Compressions In Graham Greene's 'The Destructors'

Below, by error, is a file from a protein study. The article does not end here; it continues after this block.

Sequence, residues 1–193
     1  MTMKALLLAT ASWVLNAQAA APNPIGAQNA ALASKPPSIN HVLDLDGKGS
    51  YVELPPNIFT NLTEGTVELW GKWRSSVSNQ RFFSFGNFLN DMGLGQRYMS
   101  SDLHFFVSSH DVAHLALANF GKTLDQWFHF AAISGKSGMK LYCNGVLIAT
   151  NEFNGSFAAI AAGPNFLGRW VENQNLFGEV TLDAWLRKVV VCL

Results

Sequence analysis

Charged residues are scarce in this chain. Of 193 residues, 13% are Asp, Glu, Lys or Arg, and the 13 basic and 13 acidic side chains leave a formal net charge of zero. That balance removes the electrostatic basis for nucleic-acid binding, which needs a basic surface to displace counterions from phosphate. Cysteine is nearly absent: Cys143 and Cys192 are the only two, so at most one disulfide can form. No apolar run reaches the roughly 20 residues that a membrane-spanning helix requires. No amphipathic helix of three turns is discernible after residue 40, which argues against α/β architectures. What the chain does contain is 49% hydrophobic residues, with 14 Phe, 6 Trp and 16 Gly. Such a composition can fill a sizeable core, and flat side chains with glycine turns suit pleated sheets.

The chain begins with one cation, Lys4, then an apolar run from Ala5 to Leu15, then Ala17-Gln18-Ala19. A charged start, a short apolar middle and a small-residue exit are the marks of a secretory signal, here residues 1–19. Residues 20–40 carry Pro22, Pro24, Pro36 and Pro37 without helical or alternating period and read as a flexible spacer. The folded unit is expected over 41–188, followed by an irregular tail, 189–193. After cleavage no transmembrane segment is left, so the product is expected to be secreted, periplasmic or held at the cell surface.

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How does a two-hundred-year-old house crumble to rubble at the pull of a rope? And more importantly; who is behind it? In Graham Greene’s short story “The Destructors” a small boys gang in post-World War II London accepts a new member into their ranks. He takes charge as the group sets out on a mission to destroy an old nearby house from the inside out. Meeting the protagonist Trevor for the first time we’re given the immediate impression of a stereotypical sullen bad boy. However, first impressions are deceptive. Underneath his tough and audacious exterior, Trevor hides a childlike innocence that reveals itself in moments of conflict. Within the Wormsley Common Gang, a name like Trevor is a liability. Fortunately for Trevor, the gang appreciates “possibilities about his brooding silence” (1)1 and accepts him as a member. Additionally, the “odd quality of danger, of the unpredictable” (1)1 that he projects intimidates them. Thanks to this quality and his silence Trevor is perceived as tough. When Blackie laughs at Trevor’s plan to destroy Old Misery’s house, he stops abruptly “daunted by [Trevor’s] serious implacable gaze”. (3)1 Even Blackie, the gang’s leader, is intimidated. Later in the story when asked why he’s destroying Old Misery’s house if he doesn’t hate him, Trevor reveals this life-view to Blackie: “All this hate and love, it 's soft, it 's hooey. There 's only things.” (6)1 By suppressing his emotions and keeping them, like his words, to himself Trevor further

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